Santa Clara shines in Solar Decathlon

When a team of Santa Clara students embarked on the Solar Decathlon competition just over 18 months ago, they knew they had a long way to go—the longest, in fact, of any university stateside, since SCU was the only school west of the Rockies to compete. But as Richard King, head of the U.S. Department of Energy-sponsored competition, assessed when he visited SCU in August, this team just might have some surprises in store for the veteran schools in the contest.

What kind of surprises? A very big one indeed: Santa Clara outscored every other U.S. team save one, beating out the likes of MIT and Cornell, to finish third in the international competition. The judging itself took place on the National Mall in Washington, D.C., over one week in October, with final results announced Oct. 19. The “solar village” of entries from 20 universities from the U.S. and internationally drew some 200,000 visitors—as well as the attention of Fortune 500 companies interested in how the students designed and built houses meant to be energy self-sufficient, attractive, and affordable.

Each entry was judged on 10 different criteria, and the competition included a battery of scored tests, adding up to a total of 1,200 possible points. The German Technishsche Universitat Darmstadt captured first place with 1,024 points. The University of Maryland took second with 999 points. Santa Clara scored 979 points, finishing first in two categories, second in three categories, and in the top 10 of all categories save “Architecture.”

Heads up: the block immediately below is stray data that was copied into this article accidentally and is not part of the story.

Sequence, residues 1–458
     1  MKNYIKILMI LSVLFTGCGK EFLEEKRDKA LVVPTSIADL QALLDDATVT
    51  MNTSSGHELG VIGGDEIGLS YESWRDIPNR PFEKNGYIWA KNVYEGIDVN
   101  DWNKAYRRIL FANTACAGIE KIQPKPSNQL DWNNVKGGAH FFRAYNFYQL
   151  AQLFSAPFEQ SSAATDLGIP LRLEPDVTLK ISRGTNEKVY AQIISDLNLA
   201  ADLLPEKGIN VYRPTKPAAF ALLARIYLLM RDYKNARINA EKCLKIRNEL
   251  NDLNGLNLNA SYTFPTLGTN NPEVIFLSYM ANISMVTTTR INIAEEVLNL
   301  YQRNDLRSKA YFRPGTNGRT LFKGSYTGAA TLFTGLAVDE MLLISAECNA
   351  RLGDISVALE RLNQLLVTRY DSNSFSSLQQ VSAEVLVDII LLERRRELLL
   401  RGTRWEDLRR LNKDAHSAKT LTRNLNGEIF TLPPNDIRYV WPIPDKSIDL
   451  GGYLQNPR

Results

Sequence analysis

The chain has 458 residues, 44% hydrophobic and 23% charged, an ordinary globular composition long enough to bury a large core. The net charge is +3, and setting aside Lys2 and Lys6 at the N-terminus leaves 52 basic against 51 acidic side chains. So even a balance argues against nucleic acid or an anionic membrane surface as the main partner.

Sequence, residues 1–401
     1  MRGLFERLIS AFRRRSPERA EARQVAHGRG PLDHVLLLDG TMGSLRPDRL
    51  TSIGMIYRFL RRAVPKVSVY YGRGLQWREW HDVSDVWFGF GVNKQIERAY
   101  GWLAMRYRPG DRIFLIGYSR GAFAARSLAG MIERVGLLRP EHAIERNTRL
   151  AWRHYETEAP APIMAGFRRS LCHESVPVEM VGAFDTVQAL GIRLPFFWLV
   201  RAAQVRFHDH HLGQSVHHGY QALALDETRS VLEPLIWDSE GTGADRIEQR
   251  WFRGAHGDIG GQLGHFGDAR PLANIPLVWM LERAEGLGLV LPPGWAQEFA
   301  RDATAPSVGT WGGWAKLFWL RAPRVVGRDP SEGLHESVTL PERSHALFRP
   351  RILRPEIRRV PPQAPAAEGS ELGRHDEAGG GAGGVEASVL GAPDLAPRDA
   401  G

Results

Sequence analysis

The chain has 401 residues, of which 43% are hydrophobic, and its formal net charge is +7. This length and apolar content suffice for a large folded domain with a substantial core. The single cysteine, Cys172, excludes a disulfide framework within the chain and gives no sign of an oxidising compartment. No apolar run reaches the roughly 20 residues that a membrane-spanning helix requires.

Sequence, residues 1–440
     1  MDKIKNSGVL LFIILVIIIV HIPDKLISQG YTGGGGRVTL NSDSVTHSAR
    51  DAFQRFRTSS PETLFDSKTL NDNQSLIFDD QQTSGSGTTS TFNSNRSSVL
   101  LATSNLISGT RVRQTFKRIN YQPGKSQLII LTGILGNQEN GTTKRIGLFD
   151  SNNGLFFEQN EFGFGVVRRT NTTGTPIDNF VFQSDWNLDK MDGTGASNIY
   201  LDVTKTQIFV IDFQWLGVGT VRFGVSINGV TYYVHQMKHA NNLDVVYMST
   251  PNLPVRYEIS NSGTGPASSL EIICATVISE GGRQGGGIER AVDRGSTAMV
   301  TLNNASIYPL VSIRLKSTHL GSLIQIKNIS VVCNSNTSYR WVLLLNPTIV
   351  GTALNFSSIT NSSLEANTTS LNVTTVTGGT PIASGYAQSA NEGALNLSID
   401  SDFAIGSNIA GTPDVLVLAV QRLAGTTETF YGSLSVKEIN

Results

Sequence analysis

We’ll have details in the next issue of SCM. In the meantime, check out the SCU Solar Decathlon site and other news stories. —SBS & DA

post-image We can do it! Senior Meghan Mooney (aka, Meghan the Riveter) joins fellow SCU students in putting finishing touches on the Solar Decathlon House.
A Return to Work

Jesuit values spark lobbying efforts for employee call-back programs

How to Be an Ethical Voter

Director of Government Ethics Program at SCU’s Markkula Center penned a guide on voting for ethical candidates.

What’s in A-Name?

A concert and a trademark: SCU explores what happens when race, performance, and trademark law intersect

Fear and Hope in a Pandemic

In an online survey, an SCU psychology professor found those who prepared most for the pandemic had the most fear, and the most hope.